Dramatization of the Bus Boycott for First and Second Grade 

By Maggie Nolan Donovan

Among the many ways of responding to stories of resistance in my classroom, by far the most popular, year after year, is playacting. This choice seems natural to me because children love to act out stories, and resistance stories are inherently dramatic. Drama is a compelling way for child actors to walk around in the world of civil rights activists; to experience what they experienced; to feel, in a very real way, the emotions that such scenarios raise; and to internalize the activists’ interpretation of these experiences.

When we create plays in our classroom, we have no scripts, no costumes, some chairs as scenery, and we are our own audience. The plays are about 15 minutes long, and they always include the singing of Freedom Songs because that is historically accurate and because it turns the play into a musical. Typically, half the class—ten or eleven children—is in the play, and the other half is the audience. Then we switch: Actors become audience; audience members become actors. This alternating is important because it enables children to experience the story twice, as well as from two different points of view, actor and audience member.

We begin by considering the whole story and breaking it into scenes; each scene has a climactic moment. We talk about how people would feel in such circumstances. We choose parts, and since we act out the stories more than once, children usually get to play the part they want. We think of some key lines that actors might say. The rest of the dialogue is spontaneous. We create an open space in the classroom for the stage, and arrange furniture, mostly chairs, to represent scenery. We talk about the role of the audience; in these dramas, it is to watch and listen attentively, and after the play is over, to provide feedback to the actors. The first time around, the performance is usually a little tentative and silly, but before long, students are acting with power and conviction.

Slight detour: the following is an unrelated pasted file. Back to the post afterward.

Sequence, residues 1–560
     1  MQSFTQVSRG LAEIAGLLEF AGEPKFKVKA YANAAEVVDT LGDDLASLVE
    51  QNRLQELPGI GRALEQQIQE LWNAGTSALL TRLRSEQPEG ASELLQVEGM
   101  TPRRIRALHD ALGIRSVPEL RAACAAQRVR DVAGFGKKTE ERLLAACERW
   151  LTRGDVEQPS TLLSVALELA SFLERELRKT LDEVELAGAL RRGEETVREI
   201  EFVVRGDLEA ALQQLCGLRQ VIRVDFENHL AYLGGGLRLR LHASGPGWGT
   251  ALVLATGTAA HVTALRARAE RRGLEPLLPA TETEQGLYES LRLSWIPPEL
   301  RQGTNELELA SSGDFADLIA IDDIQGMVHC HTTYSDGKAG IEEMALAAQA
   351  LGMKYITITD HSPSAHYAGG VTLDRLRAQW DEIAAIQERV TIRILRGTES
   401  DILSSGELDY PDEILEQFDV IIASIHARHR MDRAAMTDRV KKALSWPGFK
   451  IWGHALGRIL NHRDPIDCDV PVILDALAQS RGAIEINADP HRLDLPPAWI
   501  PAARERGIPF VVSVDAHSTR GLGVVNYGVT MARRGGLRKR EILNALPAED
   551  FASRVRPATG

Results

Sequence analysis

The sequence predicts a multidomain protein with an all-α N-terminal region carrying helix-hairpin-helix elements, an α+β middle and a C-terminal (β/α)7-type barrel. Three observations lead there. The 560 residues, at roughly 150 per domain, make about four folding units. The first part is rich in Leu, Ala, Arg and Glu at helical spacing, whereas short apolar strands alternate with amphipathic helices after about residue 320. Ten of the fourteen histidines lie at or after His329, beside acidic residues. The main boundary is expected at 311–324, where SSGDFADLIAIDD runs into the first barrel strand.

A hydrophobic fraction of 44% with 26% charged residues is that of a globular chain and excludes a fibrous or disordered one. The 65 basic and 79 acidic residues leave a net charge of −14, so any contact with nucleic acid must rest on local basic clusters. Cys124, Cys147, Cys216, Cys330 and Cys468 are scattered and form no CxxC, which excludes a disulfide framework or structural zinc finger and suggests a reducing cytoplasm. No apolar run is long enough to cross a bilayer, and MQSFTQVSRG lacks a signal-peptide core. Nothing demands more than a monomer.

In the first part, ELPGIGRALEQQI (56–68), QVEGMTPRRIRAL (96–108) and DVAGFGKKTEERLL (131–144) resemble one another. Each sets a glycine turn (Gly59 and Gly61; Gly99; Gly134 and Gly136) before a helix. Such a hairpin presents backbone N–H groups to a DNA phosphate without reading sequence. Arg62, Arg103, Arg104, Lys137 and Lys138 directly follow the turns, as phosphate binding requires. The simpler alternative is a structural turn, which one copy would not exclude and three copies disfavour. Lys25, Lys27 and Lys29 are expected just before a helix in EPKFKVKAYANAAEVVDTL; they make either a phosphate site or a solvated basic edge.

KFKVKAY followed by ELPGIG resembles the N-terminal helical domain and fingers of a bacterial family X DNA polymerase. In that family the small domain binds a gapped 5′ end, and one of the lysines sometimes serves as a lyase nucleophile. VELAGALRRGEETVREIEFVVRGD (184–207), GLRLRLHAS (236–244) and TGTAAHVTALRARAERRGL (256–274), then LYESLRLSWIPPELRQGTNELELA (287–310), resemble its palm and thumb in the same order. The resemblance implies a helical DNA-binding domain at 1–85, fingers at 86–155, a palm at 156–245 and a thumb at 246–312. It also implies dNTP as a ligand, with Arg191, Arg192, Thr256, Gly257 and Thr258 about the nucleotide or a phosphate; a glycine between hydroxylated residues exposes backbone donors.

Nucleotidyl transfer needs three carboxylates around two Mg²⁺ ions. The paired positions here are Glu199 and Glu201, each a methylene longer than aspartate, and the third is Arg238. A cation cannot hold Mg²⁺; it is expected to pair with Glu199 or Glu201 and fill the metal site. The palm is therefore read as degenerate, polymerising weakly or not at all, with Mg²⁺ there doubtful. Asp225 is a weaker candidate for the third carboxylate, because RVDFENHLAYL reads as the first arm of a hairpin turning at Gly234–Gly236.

If ever a story was meant to be dramatized, it’s the story of Rosa Parks and the Montgomery Bus Boycott. The dramatic nature of this story is both its strength and its weakness. The strength is obvious; the weakness is that the drama may give the message that the whole story (and the whole Civil Rights Movement) comes down to one moment in which Rosa Parks refuses to give up her seat. It is essential that children understand what came before and after this moment.

Tell students the story of the boycott. For example, tell students that before her arrest Rosa Parks was a seasoned activist who worked with the NAACP. After her arrest, many people, including Martin Luther King, E. D. Nixon, and Jo Ann Robinson, formed the Montgomery Improvement Association, which organized the boycott. The classroom play needs to tell the whole story.